Photosynthesis uses assemblies of organized chromophores and catalysts within proteins to optimize the environment necessary to carry out solar energy conversion. Artificial photosynthesis for solar fuels production on a practical scale must capture light energy, carry out charge separation, and furnish these charges to catalytic sites where multi-electron redox reactions occur. Many aspects of this complex problem have received wide attention, yet researchers have not developed a complete system having fully-integrated components to accomplish this goal. The design and synthesis of complex, covalent molecular systems comprising chromophores, electron donors, and electron acceptors, which mimic both the light-harvesting and the charge separation functions of photosynthetic proteins, has been demonstrated. These synthetic systems have been used to study electron transfer rate constant dependence on donor-acceptor distance and geometry, electronic interactions, and the free energies of reaction. Controlling both the distance and orientation between the electron donors and acceptors provides the most useful approach to obtaining this information. Bio-inspired systems for photochemical solar energy conversion must be robust, easy to synthesize, and capable of absorbing the entire solar spectrum transmitted through the Earth’s atmosphere. Multi-component donor-acceptor arrays, a strategy used in photosynthetic reaction center proteins, are an excellent approach to producing long-lived charge-separated states. In order to determine these mechanisms, it is important to be able to identify in an unambiguous fashion both the short- and long-lived intermediates produced by these photo-initiated electron transfer events. Time-resolved optical and electron paramagnetic resonance spectroscopy are the principal techniques that can yield this information.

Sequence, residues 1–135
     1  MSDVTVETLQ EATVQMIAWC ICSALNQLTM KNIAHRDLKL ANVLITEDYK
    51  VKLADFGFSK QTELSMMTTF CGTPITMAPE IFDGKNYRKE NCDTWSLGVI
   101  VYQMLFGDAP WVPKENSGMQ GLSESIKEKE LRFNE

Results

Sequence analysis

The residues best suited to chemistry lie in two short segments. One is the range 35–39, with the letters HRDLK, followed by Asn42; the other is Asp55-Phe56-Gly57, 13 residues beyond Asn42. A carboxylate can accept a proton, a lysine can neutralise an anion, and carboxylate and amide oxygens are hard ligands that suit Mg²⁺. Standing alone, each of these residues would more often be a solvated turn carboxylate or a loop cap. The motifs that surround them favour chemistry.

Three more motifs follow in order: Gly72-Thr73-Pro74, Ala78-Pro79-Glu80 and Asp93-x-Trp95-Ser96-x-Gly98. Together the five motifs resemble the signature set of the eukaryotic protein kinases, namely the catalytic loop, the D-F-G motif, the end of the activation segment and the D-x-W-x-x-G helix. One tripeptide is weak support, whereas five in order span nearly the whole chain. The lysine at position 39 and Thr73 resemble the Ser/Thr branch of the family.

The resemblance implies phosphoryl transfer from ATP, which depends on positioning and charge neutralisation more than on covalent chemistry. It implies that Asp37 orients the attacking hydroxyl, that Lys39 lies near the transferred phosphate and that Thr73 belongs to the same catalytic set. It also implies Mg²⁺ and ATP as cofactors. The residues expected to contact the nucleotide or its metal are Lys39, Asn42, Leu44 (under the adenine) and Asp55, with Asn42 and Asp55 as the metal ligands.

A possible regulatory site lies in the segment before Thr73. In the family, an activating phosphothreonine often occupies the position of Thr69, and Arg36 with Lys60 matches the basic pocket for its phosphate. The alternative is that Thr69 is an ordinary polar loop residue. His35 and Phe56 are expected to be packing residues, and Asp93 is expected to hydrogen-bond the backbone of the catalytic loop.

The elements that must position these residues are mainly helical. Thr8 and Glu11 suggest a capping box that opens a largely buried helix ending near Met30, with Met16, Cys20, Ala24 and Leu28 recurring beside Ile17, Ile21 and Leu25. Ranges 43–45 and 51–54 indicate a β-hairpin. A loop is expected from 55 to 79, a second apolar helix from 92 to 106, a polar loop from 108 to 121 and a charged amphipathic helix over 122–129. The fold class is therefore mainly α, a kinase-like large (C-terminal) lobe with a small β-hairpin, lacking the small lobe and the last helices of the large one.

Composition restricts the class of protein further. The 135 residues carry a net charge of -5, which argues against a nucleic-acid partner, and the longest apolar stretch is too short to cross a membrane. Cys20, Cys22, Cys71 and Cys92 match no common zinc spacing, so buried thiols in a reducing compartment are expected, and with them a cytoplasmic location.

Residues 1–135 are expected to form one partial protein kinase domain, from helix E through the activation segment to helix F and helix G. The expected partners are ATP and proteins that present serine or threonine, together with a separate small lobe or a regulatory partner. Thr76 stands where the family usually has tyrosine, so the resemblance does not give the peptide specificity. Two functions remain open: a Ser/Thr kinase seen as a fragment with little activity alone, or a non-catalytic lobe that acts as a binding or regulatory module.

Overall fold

|Effective start/end date||11/1/16 → 10/31/19|
- Hamad bin Khalifa University (NPPR9-174-2-092)
- Qatar National Research Fund (NPPR9-174-2-092)